In this episode, we talk with Roberto Weber from the University of Zurich about his paper “Identifying social norms using coordination games: why does dictator game sharing vary?,” which he published in 2013 with Erin Krupka. In this paper, Roberto and Erin introduce a new procedure for eliciting social norms, which they use to understand giving behaviour in one of the most studied experimental games, the dictator game.
In this episode, we talk with Bertil Tungodden from the Norwegian School of Economics about his project entitled “Fairness across the world” in which he and his collaborators elicited the fairness preferences of 65,000 individuals from 60 different countries. As of the recording of this episode, no paper from the project is available yet. However, the results of a pilot study comparing just Norway and the US were published as a separate paper: Cutthroat Capitalism versus Cuddly Socialism: Are Americans More Meritocratic and Efficiency-Seeking than Scandinavians?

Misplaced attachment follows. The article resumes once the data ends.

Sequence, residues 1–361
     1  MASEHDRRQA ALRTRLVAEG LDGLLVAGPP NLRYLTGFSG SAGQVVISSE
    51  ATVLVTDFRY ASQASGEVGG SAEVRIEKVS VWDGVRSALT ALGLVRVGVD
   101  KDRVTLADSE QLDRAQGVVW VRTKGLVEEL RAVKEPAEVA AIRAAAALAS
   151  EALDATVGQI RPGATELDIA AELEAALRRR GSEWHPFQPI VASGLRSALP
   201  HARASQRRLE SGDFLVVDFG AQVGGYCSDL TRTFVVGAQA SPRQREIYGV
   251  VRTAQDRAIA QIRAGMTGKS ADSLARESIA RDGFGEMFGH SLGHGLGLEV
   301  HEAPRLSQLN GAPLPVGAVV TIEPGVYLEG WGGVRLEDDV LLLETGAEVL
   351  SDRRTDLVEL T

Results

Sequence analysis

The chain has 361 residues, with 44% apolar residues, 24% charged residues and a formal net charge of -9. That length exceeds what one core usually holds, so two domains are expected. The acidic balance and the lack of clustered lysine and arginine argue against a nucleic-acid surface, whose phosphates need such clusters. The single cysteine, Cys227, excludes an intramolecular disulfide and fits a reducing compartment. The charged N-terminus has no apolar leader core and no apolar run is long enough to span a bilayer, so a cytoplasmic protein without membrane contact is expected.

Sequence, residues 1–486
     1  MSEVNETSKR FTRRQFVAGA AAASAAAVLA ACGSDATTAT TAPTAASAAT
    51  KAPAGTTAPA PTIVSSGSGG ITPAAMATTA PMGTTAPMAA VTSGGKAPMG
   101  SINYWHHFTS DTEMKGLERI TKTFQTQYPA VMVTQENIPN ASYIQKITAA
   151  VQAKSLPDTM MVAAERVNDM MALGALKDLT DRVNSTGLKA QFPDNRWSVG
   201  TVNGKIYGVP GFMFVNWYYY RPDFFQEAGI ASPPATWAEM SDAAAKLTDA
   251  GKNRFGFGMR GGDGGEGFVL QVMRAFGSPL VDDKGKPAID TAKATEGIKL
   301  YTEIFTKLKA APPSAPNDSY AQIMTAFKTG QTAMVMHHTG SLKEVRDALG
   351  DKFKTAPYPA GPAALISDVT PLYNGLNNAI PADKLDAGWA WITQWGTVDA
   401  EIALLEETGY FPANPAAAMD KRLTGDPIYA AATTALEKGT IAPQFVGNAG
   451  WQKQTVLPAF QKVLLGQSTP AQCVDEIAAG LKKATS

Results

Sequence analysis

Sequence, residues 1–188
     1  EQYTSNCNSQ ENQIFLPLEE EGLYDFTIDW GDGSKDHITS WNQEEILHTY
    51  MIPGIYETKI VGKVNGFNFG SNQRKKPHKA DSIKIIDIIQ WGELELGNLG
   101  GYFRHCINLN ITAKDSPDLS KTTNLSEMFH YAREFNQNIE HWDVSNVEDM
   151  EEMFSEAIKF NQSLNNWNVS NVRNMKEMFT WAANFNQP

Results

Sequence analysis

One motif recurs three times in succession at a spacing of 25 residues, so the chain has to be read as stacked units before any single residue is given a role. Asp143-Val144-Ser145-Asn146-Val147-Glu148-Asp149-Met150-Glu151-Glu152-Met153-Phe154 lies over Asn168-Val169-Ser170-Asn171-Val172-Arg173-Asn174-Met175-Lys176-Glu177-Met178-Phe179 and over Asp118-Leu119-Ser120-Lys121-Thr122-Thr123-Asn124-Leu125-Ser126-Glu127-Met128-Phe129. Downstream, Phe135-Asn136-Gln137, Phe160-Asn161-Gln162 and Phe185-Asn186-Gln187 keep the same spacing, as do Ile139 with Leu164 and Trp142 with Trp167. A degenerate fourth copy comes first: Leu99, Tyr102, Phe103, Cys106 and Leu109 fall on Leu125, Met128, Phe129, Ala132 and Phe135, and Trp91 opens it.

In this episode, we talk with Leonardo Bursztyn from the University of Chicago about his paper “Misperceived Social Norms: Female Labor Force Participation in Saudi Arabia,” which he co-authored with Alessandra L. Gonzalez and David Yanagizawa-Drott. In this paper, the authors examine whether one driver of low female labour force participation in Saudi Arabia is that male guardians incorrectly believe that other men disapprove of female labour force participation.
In this episode, we talk with Heather Schofield from the University of Pennsylvania about her paper “Sleepless in Chennai: The Economic and Health Effects of Reducing Sleep Deprivation Among the Urban Poor”. In this paper, Heather and her co-authors Pedro Bessone, Gautam Rao, Frank Schilbach and Mattie Toma examine the impact of interventions that aim to improve sleep quality on the productivity of low income workers from Chennai, India.
In this episode, we talk with Noam Yuchtman from the London School of Economics about his paper “Protests as strategic games: experimental evidence from Hong Kong’s antiauthoritarian movement”. In this paper, Noam and his co-authors Davide Cantoni, David Y Yang and Y Jane Zhang examine how protesters in Hong Kong respond to information about the participation of other protesters.